By Esra Kaymak Avci and Canberk Yuksel
As Americans go to the polls Tuesday to elect a new president, Muslims find themselves between a rock and a hard place.
That’s not to say they are undecided, but they share a common sentiment with the rest of Americans: They believe they are out of good choices when it comes to choosing a candidate to support.
Muslim voters have for the most part supported Democratic candidates since Republican President George W. Bush declared a “war on terror” in Oct. 2001 and Islamic countries appeared to bear the brunt of that decision.
Outgoing President Barack Obama won major support from the nation’s 3 million Muslims, with nearly 89 percent voting for him in 2008 and 85 percent in 2012, according to exit polls by leading Muslim advocacy group Council on American-Islamic Relations (CAIR).
This year, CAIR data shows an even more decisive support for Democratic nominee Hillary Clinton, who is also the first-ever female nominee from a major party. But that’s not the whole story.
“I don't think Hillary Clinton is an attractive candidate. In reality, the fact that she is only ‘attractive’ compared to Donald Trump is troubling,” Sara Zayed, a 22-year-old technology analyst on Wall Street, told Anadolu Agency. “Her foreign policy is hawkish and often hurts women and children, which contrasts her 'feminist' message.”
Zayed’s words resonate with a broad spectrum of the incredibly diverse voter group of Muslims.
In diversity, they share common threads, one of which is that they believe they are stuck between a bad choice and a worse choice. Also, when it comes to supporting a presidential candidate, they think about the ummah – the global Muslim community – as much as they consider themselves in the U.S.
But this year, there is a new factor at play as Muslim voters are a stronger than ever voting bloc.
More than 1 million Muslims have registered to vote, according to CAIR. That is up from 500,000 in 2012 – placing the Muslim electorate is a position to have a markedly greater effect on the outcome.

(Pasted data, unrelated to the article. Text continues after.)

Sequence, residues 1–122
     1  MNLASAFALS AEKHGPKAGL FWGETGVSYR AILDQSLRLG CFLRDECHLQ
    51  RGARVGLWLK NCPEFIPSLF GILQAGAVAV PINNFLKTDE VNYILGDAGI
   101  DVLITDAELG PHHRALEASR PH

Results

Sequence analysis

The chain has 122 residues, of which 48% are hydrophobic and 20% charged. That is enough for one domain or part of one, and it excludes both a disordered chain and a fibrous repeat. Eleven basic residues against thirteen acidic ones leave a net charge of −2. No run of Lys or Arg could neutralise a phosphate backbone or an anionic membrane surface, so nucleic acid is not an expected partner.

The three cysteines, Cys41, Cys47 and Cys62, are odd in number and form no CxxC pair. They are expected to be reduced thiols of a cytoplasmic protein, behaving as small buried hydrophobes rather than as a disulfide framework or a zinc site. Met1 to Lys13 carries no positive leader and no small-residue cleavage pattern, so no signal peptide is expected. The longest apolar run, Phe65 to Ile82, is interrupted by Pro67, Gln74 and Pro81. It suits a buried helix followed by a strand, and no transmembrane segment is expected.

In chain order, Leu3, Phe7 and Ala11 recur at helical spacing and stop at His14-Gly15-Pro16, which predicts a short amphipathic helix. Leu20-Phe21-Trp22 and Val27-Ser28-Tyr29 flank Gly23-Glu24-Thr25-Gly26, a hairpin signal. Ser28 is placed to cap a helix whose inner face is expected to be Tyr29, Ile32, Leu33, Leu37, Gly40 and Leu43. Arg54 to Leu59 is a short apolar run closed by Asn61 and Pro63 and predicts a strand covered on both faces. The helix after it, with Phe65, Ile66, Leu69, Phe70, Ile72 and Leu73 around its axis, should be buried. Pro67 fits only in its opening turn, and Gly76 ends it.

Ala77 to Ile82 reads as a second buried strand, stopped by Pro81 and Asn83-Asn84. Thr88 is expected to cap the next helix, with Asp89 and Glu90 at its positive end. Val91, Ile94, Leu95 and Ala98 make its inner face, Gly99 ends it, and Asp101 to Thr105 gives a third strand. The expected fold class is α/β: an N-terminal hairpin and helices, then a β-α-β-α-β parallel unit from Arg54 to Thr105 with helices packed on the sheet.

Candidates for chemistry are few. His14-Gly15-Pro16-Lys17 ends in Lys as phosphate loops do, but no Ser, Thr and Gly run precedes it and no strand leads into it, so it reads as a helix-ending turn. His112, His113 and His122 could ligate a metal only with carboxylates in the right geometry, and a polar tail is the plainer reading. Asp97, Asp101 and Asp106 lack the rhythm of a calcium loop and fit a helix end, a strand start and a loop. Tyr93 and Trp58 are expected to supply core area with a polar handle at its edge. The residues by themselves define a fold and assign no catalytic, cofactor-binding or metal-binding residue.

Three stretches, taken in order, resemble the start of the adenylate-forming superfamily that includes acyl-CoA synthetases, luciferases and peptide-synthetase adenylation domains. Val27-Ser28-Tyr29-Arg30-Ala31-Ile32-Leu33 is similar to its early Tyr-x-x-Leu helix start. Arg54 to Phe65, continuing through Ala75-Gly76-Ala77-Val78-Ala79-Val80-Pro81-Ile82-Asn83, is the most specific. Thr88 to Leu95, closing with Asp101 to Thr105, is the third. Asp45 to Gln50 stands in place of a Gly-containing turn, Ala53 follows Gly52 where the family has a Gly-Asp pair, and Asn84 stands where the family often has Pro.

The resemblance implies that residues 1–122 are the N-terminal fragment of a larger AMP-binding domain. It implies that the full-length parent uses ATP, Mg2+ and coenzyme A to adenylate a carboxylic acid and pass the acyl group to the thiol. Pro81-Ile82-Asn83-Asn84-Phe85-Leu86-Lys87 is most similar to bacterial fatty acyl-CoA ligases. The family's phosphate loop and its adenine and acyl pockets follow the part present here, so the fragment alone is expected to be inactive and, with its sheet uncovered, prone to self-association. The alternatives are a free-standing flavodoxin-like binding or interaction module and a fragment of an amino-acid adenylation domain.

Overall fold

Clinton is taking note. In a first for practically any presidential campaign in the U.S., she appointed a Muslim outreach director who travels the country to talk to voters about what is at stake Tuesday.
In addition, Clinton has high-profile aide and Muslim Huma Abedin, in her corner. She also has the support of leading advocacy figure Rep. Keith Ellison, the first Muslim elected to Congress.
The former Secretary of State’s immigration policy includes offering shelter to a much higher number of refugees, especially from Syria. She is on record proposing a 650 percent increase above the current 10,000 allowed in from the war-torn country.
Republican candidate Donald Trump, on the other hand, hasn’t made it easy for Muslims to support him.
First, he has made a hardline immigration demand a cornerstone of his campaign. Months after he launched his “movement” to “Make America great again” last year, Trump proposed “a total and complete shutdown of Muslims entering the United States” in reaction to homegrown terrorism.
Then in March, Trump told CNN “Islam hates us”, and made no attempt to distinguish between the religion of Islam and radical extremist fringe groups he claims he would want to target.
At the Democratic National Convention in July, Trump faced withering criticism from a Muslim Gold Star family who lost its 27-year-old son, Capt. Humayun Khan in 2004 as he sacrificed his life to save his fellow servicemen in Iraq.
His father, Khizr’s poignant remarks, in which he asked Trump, “Have you even read the United States Constitution?” to thunderous applause from the convention, became one of the highlights of the Democratic campaign.
Trump passed on the opportunity to bridge communication with Muslim voters and instead retorted bitterly by belittling Khan and portraying his wife as oppressed.